Wednesday, September 19, 2007

William Golding

September 19 is the birthday of the man who wrote Lord of the Flies (1954), William Golding, born in Cornwall, England (1911). He wrote Lord of the Flies after fighting in some of the bloodiest battles of World War II. The novel tells the story of a group of boys stranded on a desert island who struggle for survival. One of the boys tries to establish a democracy, but a bunch of boys break off from the main group and it turns into violent anarchy. The book was rejected by 21 publishers before it finally came out in 1954.

From the Writer's Almanac

The book was made into a film twice, once in 1963 and again in 1990. Both films got poor reviews. In his review in 1990 Roger Ebert wrote:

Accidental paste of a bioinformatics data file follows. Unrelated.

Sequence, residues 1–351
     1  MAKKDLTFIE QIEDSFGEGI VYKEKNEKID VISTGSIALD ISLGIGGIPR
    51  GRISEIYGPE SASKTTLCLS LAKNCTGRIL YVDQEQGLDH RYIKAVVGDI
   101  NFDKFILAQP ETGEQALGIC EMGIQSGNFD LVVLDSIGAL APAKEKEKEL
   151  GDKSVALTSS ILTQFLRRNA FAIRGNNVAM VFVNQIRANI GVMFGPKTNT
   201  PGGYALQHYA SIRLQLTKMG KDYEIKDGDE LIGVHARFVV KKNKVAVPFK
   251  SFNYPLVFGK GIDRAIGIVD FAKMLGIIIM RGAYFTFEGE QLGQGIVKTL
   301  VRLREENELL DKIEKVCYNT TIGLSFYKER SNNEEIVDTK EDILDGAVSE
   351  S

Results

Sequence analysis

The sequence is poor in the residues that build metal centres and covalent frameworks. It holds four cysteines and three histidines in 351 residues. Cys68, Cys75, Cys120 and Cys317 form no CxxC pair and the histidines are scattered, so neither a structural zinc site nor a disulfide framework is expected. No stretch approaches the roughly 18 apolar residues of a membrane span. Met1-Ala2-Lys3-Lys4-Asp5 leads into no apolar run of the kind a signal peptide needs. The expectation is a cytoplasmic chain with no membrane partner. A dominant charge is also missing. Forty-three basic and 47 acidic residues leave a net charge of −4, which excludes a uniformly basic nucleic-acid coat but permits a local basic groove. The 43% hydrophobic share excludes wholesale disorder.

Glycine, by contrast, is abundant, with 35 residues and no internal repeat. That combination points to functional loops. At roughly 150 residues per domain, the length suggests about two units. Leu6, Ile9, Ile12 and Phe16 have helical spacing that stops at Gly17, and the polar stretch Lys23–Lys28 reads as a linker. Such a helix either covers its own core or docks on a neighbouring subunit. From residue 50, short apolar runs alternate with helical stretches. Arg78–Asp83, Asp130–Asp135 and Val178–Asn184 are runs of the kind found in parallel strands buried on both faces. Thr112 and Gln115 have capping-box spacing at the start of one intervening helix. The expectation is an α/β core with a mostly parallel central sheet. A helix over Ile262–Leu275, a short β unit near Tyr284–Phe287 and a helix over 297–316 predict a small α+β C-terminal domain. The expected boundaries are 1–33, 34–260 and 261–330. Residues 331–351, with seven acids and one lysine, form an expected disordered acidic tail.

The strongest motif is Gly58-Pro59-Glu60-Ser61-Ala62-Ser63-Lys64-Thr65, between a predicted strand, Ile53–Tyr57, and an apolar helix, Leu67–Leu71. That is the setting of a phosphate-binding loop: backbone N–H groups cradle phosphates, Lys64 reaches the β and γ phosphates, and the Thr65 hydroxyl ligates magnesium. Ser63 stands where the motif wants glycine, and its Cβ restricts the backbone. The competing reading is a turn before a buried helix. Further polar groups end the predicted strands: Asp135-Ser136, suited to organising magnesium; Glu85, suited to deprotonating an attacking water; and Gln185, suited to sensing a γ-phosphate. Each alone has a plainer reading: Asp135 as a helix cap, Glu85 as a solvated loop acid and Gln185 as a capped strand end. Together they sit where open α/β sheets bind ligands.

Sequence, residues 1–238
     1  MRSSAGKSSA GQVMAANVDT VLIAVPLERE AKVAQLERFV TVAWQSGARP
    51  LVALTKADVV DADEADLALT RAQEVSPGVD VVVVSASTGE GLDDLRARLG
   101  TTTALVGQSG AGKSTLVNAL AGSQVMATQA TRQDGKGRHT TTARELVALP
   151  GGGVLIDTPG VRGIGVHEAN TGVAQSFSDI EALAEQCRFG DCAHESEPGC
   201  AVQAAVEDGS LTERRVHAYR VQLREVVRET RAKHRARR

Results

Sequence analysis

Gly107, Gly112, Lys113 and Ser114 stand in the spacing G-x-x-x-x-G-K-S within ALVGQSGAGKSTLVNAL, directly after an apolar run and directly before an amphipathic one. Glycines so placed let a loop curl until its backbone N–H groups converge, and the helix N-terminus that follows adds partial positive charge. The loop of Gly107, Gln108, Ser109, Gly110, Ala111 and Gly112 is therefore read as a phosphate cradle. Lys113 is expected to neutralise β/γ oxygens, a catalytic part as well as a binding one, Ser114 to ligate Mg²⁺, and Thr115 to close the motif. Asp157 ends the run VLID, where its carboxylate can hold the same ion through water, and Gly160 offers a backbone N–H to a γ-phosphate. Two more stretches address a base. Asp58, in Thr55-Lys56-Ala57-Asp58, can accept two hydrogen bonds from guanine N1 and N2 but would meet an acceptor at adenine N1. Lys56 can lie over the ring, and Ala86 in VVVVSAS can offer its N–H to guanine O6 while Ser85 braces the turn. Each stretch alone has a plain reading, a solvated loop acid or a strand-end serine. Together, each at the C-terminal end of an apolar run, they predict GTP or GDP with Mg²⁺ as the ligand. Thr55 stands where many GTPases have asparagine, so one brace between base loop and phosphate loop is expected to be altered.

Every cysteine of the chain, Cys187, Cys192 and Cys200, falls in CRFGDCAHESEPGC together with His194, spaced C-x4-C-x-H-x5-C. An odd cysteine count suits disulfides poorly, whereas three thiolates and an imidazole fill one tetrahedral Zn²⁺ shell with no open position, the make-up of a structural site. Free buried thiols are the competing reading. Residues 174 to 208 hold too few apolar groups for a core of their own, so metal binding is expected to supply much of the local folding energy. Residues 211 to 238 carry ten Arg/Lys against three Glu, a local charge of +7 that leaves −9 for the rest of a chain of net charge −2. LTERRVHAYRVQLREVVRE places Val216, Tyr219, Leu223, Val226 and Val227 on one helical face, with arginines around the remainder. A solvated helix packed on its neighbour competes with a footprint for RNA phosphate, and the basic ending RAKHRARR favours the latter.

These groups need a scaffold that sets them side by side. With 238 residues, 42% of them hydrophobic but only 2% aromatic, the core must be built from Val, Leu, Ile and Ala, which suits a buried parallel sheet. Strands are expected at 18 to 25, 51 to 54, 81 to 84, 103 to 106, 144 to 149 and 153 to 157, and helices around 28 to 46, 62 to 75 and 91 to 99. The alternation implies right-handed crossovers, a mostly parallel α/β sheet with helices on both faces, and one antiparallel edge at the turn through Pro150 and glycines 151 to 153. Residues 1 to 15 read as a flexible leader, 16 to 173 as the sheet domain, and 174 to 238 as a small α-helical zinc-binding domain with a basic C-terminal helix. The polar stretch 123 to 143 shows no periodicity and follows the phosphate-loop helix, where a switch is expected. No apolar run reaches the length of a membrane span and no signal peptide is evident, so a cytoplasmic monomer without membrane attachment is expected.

"William Golding's Lord of the Flies is, or used to be, a staple of everyone's teenage reading experience, a harrowing fable about how ordinary kids revert to savagery when they are marooned on a deserted island. The story is less poignant nowadays than it once was, if only because events take place every day on our mean streets that are more horrifying than anything the little monsters do to one another on Golding's island.

"When Peter Brook made the first film version of the novel in 1963, most viewers no doubt identified with the character of Ralph, the little liberal humanist, instead of with Jack, the little free market economist. These days, I imagine the audiences are more evenly divided."

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